Some find their solace in means and escapes. Some find escaping their means gives them solace enough–
His wife had golden hair that framed her face with swollen coils on Sundays when she prayed at church. Her jewelry stole the flames from candles on the alter, sharpened it on diamond facets and cast it back like daggers cutting all the other wives and daughters. His son was tall and thin and overly mature, teetering a cigarette between his fingers loosely as he hung a bronzy arm below the window of a blacked-out Beemer and volunteered his services to girls he didn’t know downtown on Friday nights.
Mondays on his way to work he’d buy a mocha from the little shack where almost-naked college girls put extra whipped cream on his drink so that he’d give them bigger tips, and before he pulled away he’d already drank enough to build a thick shelf of whiskey that fell elegantly into the coffee beneath it, making liquidous and translucent downward peaks. Before he made it to the office, his nose would warm and redden and his presentations grow faster and more enthused. An extra tailored suit in case he spilled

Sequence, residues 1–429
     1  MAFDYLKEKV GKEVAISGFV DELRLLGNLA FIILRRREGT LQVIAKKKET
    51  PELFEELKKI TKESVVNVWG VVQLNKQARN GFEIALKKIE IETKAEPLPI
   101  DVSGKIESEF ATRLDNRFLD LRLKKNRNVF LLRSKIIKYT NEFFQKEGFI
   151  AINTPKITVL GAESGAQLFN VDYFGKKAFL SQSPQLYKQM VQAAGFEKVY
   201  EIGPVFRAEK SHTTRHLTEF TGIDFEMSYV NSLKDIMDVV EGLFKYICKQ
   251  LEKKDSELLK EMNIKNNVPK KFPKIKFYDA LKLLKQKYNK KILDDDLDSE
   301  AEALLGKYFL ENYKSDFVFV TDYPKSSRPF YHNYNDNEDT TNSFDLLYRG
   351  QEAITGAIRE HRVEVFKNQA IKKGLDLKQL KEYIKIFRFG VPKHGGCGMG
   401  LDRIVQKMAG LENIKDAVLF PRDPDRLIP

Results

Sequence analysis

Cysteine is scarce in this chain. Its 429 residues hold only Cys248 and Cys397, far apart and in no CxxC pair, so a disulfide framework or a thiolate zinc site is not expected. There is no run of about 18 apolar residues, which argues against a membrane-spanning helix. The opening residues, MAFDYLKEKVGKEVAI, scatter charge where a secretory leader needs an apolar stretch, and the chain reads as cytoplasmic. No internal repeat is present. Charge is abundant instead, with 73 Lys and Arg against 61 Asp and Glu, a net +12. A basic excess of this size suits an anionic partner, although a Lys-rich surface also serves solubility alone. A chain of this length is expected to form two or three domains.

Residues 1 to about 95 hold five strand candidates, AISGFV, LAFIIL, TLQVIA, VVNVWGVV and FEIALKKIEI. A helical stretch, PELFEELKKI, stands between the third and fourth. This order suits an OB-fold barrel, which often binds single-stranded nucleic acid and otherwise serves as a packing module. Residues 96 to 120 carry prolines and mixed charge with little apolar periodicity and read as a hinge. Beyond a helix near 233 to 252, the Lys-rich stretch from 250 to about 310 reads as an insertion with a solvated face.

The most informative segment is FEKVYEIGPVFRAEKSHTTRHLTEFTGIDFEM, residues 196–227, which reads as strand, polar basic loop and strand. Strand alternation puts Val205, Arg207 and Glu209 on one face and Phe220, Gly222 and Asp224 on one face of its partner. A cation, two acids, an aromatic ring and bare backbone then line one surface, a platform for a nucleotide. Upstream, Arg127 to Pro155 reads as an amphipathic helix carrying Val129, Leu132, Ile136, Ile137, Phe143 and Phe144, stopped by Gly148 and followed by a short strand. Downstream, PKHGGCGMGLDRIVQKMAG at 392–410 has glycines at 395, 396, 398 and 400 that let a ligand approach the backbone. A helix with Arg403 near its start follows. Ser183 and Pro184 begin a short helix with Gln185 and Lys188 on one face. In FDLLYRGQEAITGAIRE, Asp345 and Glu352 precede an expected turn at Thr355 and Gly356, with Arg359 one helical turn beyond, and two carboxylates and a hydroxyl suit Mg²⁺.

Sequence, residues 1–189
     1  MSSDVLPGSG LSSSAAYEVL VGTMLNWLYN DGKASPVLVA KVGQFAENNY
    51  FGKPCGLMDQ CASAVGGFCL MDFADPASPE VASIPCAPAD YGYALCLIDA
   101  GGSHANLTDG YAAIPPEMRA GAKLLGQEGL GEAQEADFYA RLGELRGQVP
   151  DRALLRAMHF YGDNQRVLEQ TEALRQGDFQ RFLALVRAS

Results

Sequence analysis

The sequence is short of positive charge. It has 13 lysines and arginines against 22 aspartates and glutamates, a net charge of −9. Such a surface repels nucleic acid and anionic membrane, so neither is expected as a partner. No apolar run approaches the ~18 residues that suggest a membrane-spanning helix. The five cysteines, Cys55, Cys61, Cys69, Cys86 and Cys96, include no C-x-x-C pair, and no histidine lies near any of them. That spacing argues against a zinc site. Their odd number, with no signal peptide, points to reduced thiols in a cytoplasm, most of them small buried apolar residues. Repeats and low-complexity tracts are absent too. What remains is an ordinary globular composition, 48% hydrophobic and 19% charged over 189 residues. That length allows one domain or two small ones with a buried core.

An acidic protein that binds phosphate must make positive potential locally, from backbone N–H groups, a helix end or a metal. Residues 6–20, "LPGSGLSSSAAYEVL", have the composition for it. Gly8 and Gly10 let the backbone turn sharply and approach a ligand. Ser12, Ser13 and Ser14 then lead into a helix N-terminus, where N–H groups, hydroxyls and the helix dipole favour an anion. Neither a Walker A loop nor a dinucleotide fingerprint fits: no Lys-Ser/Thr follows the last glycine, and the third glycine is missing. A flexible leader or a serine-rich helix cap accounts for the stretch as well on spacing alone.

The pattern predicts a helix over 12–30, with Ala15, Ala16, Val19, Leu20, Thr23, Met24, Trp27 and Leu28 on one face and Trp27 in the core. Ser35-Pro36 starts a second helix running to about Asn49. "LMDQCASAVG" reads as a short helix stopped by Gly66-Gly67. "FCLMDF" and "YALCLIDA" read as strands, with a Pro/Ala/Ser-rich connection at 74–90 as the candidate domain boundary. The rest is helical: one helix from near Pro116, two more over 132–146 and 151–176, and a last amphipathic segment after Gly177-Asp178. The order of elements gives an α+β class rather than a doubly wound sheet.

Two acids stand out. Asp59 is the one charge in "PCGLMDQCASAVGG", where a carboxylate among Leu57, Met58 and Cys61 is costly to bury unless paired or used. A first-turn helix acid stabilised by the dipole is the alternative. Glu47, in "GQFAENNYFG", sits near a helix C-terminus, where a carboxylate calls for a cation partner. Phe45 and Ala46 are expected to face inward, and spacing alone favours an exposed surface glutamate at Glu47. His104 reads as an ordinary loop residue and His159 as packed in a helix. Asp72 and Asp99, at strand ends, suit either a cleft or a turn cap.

He’d come home on Fridays bloodshot, on the verge, the cusp of somehow losing.
Money in the bank and maids to clean the messes. Trophy wife to take for steak and seafood in an SUV and months of mortgages inside his wallet so that Sunday he could pay for faith.
Then one Monday when a light was red he didn’t stop. Didn’t even phase him when he saw the girl apart behind him in the pile that used to be her car. His face was hot with blood, his breath with whiskey warmed by sugered chocolate.
When he woke up in the hospital, officers leaning on devices as they chirped and sang like slot machines to cash out his pain, the edge of every Friday evening dulled, abated. Vintage chardonnay and imported satin sheets–golden ringlets over tithing plates and a court date that his wife and kid will miss–mortgaged for a bottom bunk where he could finally sleep.